Organ and Species Specificity in Chemical Carcinogenesis

  • Robert Langenbach
  • Stephen Nesnow
  • Jerry M. Rice

Part of the Basic Life Sciences book series

Table of contents

  1. Front Matter
    Pages i-ix
  2. Jerry M. Rice, Charles H. Frith
    Pages 1-22
  3. Elizabeth K. Weisburger
    Pages 23-47
  4. Robert G. Croy, John M. Essigmann, Gerald N. Wogan
    Pages 49-62
  5. R. H. Adamson, S. M. Sieber
    Pages 129-156
  6. Stuart H. Yuspa, Henry Hennings, Ulrike Lichti, Molly Kulesz-Martin
    Pages 157-171
  7. John Reiners Jr., Kowetha Davidson, Kay Nelson, Mark Mamrack, Thomas Slaga
    Pages 173-188
  8. N. H. Colburn, T. D. Gindhart, B. Dalal, G. A. Hegamyer
    Pages 189-200
  9. Peter M. Blumberg, K. Barry Delclos, Susan Jaken
    Pages 201-229
  10. Samuel M. Cohen
    Pages 253-272
  11. James K. Selkirk, Michael C. MacLeod, Betty K. Mansfield, Patsy A. Nikbakht, Kris C. Dearstone
    Pages 283-294
  12. Coral A. Lamartiniere, George W. Lucier
    Pages 295-312

About this book

Introduction

The Symposium on Organ and Species Specificity in Chemical Carcinogenesis was held March 1981 in Raleigh, North Carolina. Dr. James Miller concluded this Symposium with these remarks: "Without a doubt all of us would agree this has been a very successful symposium in illustrating a very wide range of chemical, stereochemical, biochemical, metabolic, molecular, and biological factors in chemical carcinogenesis. I think it is noteworthy that many of the discussions have dealt with pharmacodynamic, or toxicodynamic, factors that can influence the biological activities of the extremely wide range of structures that we choose to call chemical carcinogens. I sincerely hope that after this symposium everyone here will realize the very great need we have for further information on these agents in the species we profess to be working for, the human species. We badly need an adequate data base on human organs, human tissues, human cells, human subcellular preparations, and human body fluids. I don't think we can rely on extrapolations of data on chemical carcinogenesis from experimental animals to humans, no matter how sophisticated or plausible these extrapolations may seem, until we know far more about chemical carcinogenesis in humans. Now, I'd like to add a somewhat personal note. As many of you know, my wife and I have shared a joint career of some 40 years in this field, and I'd like to emphasize in these closing remarks the factor of youth.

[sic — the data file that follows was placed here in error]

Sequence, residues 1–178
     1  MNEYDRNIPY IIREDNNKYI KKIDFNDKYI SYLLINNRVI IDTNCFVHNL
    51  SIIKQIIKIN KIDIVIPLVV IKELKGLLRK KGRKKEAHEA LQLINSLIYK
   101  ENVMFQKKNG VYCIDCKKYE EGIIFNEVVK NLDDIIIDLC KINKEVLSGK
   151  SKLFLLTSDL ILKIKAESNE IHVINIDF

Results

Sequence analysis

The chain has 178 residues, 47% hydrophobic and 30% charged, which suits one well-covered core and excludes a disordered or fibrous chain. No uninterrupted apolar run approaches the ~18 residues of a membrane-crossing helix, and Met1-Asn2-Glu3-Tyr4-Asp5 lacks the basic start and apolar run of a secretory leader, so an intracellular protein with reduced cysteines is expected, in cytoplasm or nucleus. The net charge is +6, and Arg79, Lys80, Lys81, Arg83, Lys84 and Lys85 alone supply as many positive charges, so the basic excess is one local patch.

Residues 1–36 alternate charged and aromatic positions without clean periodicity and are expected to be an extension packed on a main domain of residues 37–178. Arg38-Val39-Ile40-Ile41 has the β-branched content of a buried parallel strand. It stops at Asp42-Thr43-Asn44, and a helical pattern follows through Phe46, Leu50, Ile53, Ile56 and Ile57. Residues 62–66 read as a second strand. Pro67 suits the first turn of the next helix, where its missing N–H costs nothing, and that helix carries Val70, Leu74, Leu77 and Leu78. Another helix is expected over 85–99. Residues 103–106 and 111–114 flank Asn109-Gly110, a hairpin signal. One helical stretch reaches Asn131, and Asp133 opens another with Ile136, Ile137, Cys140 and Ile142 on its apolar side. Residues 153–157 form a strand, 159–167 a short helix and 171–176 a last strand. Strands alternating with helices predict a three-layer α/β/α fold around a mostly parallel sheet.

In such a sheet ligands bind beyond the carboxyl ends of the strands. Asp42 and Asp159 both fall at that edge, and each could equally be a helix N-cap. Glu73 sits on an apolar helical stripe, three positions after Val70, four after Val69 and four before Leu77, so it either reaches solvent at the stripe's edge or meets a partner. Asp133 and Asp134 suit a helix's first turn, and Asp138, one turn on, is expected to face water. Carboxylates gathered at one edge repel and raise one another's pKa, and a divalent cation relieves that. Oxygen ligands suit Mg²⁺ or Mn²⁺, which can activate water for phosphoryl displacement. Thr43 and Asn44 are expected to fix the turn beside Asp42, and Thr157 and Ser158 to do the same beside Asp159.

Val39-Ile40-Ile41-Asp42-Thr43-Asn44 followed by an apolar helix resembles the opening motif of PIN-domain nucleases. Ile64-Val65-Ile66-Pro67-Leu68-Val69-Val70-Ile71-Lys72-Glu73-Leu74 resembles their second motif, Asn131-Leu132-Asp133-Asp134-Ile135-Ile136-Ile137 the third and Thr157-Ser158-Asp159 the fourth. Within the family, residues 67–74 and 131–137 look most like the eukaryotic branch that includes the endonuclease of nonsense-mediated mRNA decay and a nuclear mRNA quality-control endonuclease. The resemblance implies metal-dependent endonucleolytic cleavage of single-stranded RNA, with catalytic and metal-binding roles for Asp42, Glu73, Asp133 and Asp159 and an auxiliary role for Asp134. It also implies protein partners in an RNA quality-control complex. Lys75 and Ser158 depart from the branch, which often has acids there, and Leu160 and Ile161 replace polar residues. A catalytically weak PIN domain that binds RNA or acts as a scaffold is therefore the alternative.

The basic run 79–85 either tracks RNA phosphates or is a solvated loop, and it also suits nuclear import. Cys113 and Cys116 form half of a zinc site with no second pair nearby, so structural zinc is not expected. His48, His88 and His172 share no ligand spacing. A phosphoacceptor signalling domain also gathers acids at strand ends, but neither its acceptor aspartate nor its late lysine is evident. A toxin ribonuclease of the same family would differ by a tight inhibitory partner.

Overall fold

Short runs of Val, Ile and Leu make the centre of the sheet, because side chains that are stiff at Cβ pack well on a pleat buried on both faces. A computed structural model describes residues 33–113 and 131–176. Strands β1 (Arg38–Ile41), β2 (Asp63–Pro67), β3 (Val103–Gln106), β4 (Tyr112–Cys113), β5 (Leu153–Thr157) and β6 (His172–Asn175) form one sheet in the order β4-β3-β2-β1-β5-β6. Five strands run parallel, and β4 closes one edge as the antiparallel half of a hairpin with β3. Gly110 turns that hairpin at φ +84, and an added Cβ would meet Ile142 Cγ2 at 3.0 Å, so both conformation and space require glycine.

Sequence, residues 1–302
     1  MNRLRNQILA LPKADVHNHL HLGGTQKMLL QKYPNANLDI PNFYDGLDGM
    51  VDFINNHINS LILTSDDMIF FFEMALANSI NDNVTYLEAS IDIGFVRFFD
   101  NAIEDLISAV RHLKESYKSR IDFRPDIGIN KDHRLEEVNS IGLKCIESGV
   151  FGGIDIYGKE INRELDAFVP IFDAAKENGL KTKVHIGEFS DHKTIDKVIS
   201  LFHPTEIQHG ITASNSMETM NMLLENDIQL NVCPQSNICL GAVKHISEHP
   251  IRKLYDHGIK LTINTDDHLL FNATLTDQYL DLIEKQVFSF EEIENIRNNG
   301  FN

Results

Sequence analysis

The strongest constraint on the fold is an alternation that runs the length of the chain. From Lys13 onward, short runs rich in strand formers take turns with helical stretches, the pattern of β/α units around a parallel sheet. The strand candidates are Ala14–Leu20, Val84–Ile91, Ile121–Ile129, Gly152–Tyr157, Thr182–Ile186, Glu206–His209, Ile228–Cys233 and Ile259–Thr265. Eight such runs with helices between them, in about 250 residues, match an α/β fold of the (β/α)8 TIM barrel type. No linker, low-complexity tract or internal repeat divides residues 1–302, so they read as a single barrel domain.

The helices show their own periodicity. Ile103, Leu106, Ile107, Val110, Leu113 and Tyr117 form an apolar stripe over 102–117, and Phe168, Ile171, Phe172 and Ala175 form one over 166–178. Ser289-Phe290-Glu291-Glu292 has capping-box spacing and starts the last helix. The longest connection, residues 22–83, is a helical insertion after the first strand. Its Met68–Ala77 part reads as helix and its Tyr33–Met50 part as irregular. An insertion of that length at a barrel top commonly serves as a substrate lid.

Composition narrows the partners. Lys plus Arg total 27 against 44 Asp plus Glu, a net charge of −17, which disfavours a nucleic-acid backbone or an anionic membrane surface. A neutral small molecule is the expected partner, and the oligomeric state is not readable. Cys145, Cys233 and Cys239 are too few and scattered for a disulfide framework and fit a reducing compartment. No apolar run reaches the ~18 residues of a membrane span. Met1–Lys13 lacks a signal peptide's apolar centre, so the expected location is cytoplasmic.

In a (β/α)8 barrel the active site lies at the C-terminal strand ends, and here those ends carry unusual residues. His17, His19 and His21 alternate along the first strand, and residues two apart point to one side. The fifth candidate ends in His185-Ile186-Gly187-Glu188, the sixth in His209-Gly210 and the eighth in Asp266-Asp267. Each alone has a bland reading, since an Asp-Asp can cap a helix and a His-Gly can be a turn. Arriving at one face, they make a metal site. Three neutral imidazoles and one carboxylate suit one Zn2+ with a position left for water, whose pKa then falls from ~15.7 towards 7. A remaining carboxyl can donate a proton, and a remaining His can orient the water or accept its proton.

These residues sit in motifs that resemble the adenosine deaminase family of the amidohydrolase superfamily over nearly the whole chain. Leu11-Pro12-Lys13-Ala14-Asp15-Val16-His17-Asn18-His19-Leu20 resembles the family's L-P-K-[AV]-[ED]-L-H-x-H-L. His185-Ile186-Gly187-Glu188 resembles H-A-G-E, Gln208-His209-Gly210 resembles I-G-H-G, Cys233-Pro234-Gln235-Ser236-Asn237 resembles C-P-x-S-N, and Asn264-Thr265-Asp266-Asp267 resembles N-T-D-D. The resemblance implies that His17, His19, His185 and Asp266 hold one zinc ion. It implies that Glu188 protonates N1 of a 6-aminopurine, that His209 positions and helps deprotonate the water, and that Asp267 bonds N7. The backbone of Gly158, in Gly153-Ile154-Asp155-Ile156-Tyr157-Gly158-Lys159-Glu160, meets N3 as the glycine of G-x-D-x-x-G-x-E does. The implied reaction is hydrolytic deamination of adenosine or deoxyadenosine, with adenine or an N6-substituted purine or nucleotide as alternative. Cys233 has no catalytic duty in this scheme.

Keywords

Hamster Mamma Tumor base carcinogenesis cells joint mouse organ pharmacodynamics skin tissue

Editors and affiliations

  • Robert Langenbach
    • 1
  • Stephen Nesnow
    • 1
  • Jerry M. Rice
    • 2
  1. 1.U.S. Environmental Protection AgencyResearch Triangle ParkUSA
  2. 2.National Cancer InstituteBethesdaUSA

Bibliographic information

  • DOI https://doi.org/10.1007/978-1-4684-4400-1
  • Copyright Information Springer-Verlag US 1983
  • Publisher Name Springer, Boston, MA
  • eBook Packages Springer Book Archive
  • Print ISBN 978-1-4684-4402-5
  • Online ISBN 978-1-4684-4400-1
  • About this book